Alcohol-related crimes are crimes wherein the consumption, sale, or distribution of alcoholic beverages are major factors. Perhaps the most well-known alcohol-related crime is driving under the influence of alcohol (DUI or DWI). State laws may vary regarding DUI laws, but they are generally treated quite strictly.
Some other alcohol related crimes may include:
Consumption of alcohol may be a factor in many other types of crimes as well, such as assault and battery, recklessness, or various types of negligence.
This depends on the type of crime. For simpler crimes such as public intoxication, punishments may include a citation and a small fine. For more serious crimes, such as DUI resulting in serious bodily harm to another person, misdemeanor or even felony charges can result. These may lead to punishments such as jail or prison time, criminal fines, and a loss of driving privileges for a period of time.
Repeat offenses of the same alcohol-related crime can result in greater penalties. For instance, repeat DUI’s can result in drastically higher fines and longer sentences than first-time DUI offenses.
Some alcohol-related crimes may not always involve jail time. For instance, crimes that involve the sale of alcohol may often result in a suspension or loss of an alcohol selling permit. This can sometimes only be temporary depending on the local laws and the nature of the crime.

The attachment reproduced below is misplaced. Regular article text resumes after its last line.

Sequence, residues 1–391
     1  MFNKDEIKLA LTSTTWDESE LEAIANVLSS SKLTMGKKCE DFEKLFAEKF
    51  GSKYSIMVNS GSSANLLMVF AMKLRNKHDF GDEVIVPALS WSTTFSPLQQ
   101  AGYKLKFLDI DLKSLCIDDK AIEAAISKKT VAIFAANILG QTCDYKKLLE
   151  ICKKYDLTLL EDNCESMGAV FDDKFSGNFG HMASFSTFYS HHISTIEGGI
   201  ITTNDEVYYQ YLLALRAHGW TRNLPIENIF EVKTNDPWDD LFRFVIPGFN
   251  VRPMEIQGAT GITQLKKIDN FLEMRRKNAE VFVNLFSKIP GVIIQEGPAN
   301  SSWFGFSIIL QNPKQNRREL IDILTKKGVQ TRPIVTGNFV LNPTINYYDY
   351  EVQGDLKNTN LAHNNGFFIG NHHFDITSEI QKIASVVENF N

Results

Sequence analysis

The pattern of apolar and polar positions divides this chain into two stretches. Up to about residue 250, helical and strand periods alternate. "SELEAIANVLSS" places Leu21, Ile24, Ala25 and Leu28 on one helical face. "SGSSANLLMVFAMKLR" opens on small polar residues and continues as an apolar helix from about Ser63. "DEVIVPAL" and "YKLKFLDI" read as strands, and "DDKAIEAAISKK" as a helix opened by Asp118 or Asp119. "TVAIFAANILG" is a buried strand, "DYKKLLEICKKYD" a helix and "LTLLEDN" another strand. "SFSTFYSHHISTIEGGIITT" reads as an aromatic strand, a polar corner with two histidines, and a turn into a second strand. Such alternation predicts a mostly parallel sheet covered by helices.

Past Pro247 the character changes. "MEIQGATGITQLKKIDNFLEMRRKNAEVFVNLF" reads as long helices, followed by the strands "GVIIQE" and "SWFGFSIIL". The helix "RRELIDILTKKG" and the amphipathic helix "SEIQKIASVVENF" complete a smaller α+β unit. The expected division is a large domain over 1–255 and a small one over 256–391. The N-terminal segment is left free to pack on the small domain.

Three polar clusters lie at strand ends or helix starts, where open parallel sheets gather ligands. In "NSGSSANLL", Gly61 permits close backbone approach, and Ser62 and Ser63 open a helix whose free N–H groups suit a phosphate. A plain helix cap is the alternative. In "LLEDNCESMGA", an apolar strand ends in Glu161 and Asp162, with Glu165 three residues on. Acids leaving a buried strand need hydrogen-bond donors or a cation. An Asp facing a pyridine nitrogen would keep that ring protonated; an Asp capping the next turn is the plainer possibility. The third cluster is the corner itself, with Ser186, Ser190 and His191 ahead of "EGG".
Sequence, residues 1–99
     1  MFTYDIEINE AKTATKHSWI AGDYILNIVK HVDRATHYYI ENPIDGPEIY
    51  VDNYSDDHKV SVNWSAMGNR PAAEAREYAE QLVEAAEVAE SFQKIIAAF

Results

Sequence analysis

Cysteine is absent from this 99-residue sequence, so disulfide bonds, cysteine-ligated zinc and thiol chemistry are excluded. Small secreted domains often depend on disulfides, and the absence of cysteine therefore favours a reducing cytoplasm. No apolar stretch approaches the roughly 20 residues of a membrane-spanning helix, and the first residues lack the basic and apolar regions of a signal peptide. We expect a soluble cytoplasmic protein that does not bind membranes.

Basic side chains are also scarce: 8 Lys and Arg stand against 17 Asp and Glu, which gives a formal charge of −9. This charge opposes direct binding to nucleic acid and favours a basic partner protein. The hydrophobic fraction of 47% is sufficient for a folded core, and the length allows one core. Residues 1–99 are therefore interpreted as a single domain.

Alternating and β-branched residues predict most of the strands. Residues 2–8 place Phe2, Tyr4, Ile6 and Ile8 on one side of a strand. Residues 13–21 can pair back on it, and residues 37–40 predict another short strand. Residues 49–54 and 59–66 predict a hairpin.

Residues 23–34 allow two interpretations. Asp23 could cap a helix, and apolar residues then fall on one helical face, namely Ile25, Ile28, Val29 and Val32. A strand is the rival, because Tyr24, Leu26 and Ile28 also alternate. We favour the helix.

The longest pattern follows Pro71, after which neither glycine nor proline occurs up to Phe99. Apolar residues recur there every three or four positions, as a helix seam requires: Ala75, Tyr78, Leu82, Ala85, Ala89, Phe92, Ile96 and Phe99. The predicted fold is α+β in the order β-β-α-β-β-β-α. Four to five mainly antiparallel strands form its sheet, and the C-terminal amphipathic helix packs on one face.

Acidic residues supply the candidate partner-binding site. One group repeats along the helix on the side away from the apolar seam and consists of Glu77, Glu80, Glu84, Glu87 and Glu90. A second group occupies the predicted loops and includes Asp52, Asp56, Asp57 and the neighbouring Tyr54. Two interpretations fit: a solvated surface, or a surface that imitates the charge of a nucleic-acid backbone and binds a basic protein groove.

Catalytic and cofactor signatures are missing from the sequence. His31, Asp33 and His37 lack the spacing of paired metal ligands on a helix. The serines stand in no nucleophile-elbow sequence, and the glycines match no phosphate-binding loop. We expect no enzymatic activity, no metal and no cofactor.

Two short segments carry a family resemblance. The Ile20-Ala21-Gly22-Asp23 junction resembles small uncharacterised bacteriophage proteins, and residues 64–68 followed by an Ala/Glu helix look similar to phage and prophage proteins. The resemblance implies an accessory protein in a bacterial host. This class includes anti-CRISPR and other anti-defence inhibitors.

Other crimes, such as first-time DUI offenses, may allow the offender to take remedial courses (such as a substance abuse class) in exchange for lesser fines or lesser jail time. The person usually has to qualify, and such alternatives are usually only available for first-time offenders.
Alcohol crimes can often lead to serious legal consequences. Even minor offenses can result in criminal consequences depending on the person’s record and the surrounding circumstances. You may wish to hire a criminal defense attorney in your area if you need help with alcohol-related crime laws. Your lawyer can provide you with advice and instructions on how to proceed. If you need to attend any court proceedings, your lawyer can provide you with representation during trial.
Last Modified: 10-03-2016 09:57 PM PDTLaw Library Disclaimer
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